Will Mike Carey be wrong about a challenge

The Pick: Yes (+145)

  • I can’t contain my excitement that this bet actually exists! I’ve never been so pleased as I was the moment that I saw this prop on the Bovada site. Now, I know this is setting up to be one of those disappointing moments, you know, where I talk up just how historically awful Carey has been in lining up his opinion with the ultimate result of a challenge/review…and then he goes and nails his only chance in the Super Bowl. And I feel foolish for betting on such a silly thing. But I don’t care because making money off something as funny and predictable as this is too good to pass up.

Will Peyton Manning announce his retirement in the post game interview?

The Pick: No (-1000)

  • OK, OK, I’m not actually going to lay $1,000 just to win $100 on such a weird, subjective bet. But you know there’s a 0% chance he announces his retirement. First of all, he may not be retiring. Second, even if he is, he’s a company man through and through. Peyton will be a good boy for Roger Goodell and hold off an announcement for a couple weeks. That way the NFL can jump back up to the top of the headlines in late February when it’s usually quiet on the football front. Also, and maybe more importantly, I think Manning knows he might not look like a great teammate if he announces this right after the Broncos win because it’ll take the spotlight away from everyone else.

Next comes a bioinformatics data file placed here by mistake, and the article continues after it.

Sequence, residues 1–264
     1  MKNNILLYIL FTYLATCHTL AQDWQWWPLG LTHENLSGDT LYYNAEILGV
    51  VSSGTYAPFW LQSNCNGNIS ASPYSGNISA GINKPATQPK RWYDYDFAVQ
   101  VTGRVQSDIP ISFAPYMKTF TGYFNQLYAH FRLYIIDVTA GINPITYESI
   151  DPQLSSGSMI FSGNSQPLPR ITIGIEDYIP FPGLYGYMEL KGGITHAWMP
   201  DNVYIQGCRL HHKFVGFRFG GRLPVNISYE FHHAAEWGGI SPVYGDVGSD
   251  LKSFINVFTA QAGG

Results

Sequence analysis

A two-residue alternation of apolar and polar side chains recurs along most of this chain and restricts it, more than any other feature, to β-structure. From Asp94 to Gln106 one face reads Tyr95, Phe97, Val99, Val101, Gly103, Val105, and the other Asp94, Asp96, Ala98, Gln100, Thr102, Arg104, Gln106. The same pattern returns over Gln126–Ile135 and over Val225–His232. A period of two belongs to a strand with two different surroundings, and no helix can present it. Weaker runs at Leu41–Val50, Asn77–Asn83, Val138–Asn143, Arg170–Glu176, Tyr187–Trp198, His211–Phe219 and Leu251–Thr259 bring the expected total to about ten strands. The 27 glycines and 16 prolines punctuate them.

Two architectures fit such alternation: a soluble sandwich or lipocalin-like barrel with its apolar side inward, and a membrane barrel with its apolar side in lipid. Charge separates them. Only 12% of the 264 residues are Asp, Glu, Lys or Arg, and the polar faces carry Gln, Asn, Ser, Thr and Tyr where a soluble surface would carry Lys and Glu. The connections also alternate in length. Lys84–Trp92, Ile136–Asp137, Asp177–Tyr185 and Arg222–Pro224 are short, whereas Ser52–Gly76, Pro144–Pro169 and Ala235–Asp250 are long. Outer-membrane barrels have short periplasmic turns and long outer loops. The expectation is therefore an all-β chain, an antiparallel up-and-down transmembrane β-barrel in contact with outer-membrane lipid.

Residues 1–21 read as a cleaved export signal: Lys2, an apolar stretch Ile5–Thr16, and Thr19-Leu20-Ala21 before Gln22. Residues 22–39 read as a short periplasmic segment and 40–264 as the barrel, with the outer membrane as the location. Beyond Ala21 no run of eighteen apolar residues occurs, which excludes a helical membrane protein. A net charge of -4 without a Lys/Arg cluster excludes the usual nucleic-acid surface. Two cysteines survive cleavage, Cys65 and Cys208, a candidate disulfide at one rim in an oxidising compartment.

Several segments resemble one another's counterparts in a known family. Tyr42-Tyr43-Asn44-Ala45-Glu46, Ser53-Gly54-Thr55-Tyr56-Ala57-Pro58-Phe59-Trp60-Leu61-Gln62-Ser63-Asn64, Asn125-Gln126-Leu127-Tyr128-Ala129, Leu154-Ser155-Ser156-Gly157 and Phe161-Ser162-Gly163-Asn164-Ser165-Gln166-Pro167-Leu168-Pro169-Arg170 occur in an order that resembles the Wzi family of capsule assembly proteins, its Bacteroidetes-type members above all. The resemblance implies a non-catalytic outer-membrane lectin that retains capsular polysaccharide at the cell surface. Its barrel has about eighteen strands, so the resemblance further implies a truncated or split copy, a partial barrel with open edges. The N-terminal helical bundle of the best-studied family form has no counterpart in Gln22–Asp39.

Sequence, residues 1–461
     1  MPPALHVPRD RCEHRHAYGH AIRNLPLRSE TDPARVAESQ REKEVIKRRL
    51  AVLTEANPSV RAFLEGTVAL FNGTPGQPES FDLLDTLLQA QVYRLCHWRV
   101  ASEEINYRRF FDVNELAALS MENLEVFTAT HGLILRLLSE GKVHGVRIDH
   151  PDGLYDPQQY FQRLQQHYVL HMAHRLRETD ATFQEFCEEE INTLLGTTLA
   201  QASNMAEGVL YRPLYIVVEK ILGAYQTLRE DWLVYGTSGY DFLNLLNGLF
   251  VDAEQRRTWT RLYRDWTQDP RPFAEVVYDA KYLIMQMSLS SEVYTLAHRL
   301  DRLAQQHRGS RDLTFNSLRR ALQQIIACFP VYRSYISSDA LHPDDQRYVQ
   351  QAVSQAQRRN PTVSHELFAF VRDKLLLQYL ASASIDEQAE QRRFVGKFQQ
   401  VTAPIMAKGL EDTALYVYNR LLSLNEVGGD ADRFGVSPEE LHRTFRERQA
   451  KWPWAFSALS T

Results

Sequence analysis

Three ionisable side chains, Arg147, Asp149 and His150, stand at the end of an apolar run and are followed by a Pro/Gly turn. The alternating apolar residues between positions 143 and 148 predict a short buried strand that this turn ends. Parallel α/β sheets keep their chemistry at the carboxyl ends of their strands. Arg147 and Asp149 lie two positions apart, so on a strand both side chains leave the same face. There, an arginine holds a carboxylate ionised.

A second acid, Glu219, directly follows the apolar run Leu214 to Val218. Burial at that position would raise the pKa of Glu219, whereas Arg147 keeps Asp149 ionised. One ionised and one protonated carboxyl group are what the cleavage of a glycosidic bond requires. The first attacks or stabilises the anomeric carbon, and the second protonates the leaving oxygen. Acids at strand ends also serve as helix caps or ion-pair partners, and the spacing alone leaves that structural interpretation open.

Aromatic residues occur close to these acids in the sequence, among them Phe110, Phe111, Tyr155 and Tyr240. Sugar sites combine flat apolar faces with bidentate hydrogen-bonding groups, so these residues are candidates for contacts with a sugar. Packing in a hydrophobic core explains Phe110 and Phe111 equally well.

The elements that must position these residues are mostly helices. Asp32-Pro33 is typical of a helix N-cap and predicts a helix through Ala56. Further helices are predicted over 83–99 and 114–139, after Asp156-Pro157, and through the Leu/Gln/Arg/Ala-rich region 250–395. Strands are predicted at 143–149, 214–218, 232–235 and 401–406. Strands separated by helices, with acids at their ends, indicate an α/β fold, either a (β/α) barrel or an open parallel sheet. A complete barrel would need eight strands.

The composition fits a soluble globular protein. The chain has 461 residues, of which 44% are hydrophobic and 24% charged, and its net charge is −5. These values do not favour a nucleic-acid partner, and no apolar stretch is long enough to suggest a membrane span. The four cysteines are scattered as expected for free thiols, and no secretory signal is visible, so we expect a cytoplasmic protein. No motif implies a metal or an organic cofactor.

Longshots That Don’t Feel So Long

Which will be the Highest Scoring quarter

The Pick: 3rd Quarter (+400)

  • It has been in four of the past six Super Bowls, and if the 2nd half kickoff is returned for a touchdown this is pretty much a lock.

The First Turnover of the Game will be

The Pick: No Turnover in Game (+750)

  • Why not for those odds?

Who will record the most Receiving Yards in the game

The Pick: Emmanuel Sanders (+325)

  • I have no faith in any of the Panthers to win this prop. Between Demaryius Thomas and Sanders, Thomas is more likely to see a lot of Josh Norman in coverage, and Thomas is the one who seems to disappear a bit more often on the big stage.

Margin of Victory

The Pick: Denver to win by 1-6 points (+400)